Postpartum Depression- Can Anyone Relate To This?

B2204391-A0CA-4D98-BC33-B04C5EDB8591 Postpartum depression.jpg

“Bina baat ke nakhre hain iske, sab hi maa bante hain, hum nehi bane kya?” Taunted Nisha’s mother in law. These words pierced through her ears and went straight to her heart. What could she have done about it? She kept on weeping and weeping making her pillow wet and finally fell asleep. After sometime when she got up, the first thing that came to her mind was her childhood friend Naina. Without wasting a second, she dialed her no and asked her to come over weekend which was after two days. Luckily, Naina was settled in the same city and a drive of 40 mins was the only distance that separated them. Nisha knew that her husband would be out on a business trip and this would give her a good chance to pour her heart out to Naina.

Weekend arrived and so did Naina. Nisha jumped with joy on seeing her. Tears rolled down her cheeks…. It was just a week back that she met her still this time was a different one. Nisha got Naina to her room and for the first 15 minutes, she kept on crying like a helpless child. Naina couldn’t understand as various thoughts started to dance in her mind. Finally, Nisha stopped weeping. It’s as if she had been waiting for someone who could really hear her heart screaming for calmness and warmth. To which Naina was the only trustworthy answer.

Nisha spoke that right after her delivery, she had been feeling somewhat awkward about her surroundings. At first, she thought it was because of the new role that she stepped in and may be it would take few more days to adjust and things would fall back to normal. But no!! She found herself getting drowned day by day into the marshland filled with haunting thoughts of anger, depression, suicide. She didn’t know what to do. She started getting irritated day by day on small small things like- if her husband wanted to switch on fan’s regulator on no 2 and she wanted it to be changed to 3, she would speak with utter anger and a rough tone that gradually started effecting her relationship as well. Her husband Dev stopped listening to her, stopped comforting her and a cold wave developed in their relationship.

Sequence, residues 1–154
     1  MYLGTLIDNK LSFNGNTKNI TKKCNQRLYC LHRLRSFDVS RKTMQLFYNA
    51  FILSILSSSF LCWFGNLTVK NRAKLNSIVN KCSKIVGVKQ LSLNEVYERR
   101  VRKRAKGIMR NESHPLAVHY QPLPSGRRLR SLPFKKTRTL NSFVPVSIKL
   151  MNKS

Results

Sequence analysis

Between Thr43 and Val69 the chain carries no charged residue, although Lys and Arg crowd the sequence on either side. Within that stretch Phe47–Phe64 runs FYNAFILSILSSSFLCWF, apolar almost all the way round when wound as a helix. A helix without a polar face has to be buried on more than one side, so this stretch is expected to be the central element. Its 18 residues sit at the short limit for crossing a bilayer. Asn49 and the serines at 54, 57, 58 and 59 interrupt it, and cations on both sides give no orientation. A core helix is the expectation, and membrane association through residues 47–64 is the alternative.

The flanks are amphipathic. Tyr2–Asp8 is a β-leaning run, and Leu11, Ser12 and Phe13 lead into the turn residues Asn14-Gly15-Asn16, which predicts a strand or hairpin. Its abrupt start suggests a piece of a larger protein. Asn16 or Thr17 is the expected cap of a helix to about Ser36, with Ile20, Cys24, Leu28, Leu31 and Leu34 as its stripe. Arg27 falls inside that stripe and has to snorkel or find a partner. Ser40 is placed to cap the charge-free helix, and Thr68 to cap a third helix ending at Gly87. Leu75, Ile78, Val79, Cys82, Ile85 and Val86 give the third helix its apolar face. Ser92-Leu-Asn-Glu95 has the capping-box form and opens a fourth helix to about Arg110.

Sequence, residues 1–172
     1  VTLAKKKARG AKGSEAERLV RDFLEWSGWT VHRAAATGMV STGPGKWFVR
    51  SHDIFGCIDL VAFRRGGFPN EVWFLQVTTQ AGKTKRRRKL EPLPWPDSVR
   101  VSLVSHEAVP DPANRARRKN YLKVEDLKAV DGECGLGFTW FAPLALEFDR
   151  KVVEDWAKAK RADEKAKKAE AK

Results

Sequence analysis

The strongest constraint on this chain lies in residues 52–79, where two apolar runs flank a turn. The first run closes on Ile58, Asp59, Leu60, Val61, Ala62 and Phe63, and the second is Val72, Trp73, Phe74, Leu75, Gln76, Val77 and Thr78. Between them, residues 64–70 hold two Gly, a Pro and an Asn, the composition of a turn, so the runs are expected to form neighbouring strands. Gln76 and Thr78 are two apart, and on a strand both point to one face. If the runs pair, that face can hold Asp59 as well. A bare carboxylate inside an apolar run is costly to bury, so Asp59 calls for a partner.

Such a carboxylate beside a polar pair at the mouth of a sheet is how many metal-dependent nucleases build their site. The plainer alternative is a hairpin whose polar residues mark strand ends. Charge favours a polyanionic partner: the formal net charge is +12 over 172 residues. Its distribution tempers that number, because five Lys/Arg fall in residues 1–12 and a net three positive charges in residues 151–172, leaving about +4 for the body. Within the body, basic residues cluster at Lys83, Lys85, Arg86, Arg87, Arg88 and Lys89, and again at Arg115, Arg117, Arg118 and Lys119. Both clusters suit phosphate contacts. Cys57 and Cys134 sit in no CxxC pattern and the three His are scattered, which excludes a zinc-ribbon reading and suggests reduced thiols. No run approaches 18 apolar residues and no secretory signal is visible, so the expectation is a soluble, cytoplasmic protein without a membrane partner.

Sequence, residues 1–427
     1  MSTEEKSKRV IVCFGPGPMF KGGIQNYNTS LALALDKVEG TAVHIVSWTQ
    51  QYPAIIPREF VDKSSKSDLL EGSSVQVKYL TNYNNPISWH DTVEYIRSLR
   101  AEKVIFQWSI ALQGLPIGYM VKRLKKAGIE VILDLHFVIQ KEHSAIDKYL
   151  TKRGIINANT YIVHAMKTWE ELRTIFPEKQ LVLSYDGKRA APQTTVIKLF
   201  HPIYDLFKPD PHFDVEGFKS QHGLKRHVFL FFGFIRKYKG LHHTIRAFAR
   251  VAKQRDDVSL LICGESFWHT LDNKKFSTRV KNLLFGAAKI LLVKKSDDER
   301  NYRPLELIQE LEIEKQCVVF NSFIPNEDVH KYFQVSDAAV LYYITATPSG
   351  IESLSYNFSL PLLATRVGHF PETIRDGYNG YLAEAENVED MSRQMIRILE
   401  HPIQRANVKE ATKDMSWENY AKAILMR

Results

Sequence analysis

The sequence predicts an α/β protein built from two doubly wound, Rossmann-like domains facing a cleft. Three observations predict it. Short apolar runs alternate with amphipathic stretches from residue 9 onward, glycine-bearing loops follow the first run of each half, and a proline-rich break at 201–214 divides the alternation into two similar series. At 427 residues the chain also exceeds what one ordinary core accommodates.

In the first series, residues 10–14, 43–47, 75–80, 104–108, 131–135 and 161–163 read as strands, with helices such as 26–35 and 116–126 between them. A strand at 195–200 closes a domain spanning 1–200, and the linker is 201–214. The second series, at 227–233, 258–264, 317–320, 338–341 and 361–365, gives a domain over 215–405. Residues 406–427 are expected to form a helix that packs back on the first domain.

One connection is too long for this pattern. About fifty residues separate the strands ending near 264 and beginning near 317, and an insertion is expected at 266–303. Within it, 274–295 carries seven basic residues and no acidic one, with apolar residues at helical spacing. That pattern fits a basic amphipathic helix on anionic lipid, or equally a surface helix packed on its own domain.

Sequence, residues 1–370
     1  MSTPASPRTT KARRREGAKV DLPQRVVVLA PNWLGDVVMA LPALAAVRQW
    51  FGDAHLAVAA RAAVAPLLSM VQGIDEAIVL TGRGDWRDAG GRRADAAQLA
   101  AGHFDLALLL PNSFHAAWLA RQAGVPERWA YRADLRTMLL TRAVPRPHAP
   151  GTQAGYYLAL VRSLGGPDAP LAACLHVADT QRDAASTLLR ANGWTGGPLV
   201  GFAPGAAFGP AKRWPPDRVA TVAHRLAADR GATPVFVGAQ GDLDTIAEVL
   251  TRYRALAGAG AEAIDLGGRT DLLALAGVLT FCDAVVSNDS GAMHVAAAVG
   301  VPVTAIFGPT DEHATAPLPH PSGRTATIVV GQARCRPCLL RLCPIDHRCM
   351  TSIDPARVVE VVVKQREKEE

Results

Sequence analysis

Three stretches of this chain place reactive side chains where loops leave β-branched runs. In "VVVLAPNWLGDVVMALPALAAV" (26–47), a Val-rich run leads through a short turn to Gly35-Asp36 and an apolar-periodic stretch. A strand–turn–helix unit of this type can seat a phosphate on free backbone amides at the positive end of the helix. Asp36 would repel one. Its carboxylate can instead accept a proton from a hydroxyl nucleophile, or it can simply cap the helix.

In laws on the other hand didn’t notice the depth of it. Mother in law started complaining Dev about Nisha’s behavior and used to taunt her. Nisha wanted to spend more time with her baby but she always used to pick the child from her and carry in her room, giving no space for the new mother to form a bond of love and affection with the new child. This frustrated Nisha a lot. When she spoke to Dev about all this, he didn’t pay her any heed. Finally, she relied on Naina.

Naina asked her to tell the symptoms clearly. Nisha stated these:

  • Anger on her tips
  • Insomnia
  • Mood swings
  • Loss of appetite
  • Feeling sad
  • Suicidal thoughts
  • Uncontrollable crying
  • Headaches

Naina at once decided to take her to the doctor, her gynecologist and share the concern for her dear friend.

The doctor had a detailed discussion and concluded that Nisha was suffering from postpartum depression and that the treatment needs to be started straight off.

Naina spoke about this to Dev and his mother, explained them the scenario. She was put under medication and some therapy at home itself. After a month, she was fine.

The onset of this depression may be sudden and the recovery time depends on factors like how much love and support she receives from her spouse and other family members.

Request to all the husbands there to check out for these symptoms. If you catch them, go for the treatment immediately.

Nothing major drift happens in a mother’s behavior generally, she might feel a bit tired and a drip in her energy levels, that’s fine. But if any of the above symptoms prevail, please stand with them. Your love and affection can bring back your wives to a normal state without effecting the relationship much.

Also for the other family members, few pieces of advice:

– Allow the mother to bond with her child, dnt add to her frustration.

– Don’t start giving advices and tips on every move she takes for her baby.

– Certain homely “Nuskas” are beneficial but things have changed in the present times. Some “Nuskas” aren’t applicable in the present times

– Today’s mother are educated, they have easy access to internet, they are capable enough to speak on their own and consult the doctors. Stop dictating them to listen to the elder’s advice always or to consult only the “family doctor”.

– All these cause frustration and may lead to depression.

Allow her to take the stand and more importantly, trust her decision. This would boost her morale and even if a depression of such sort has started, it won’t spread much if she is respected and loved properly.

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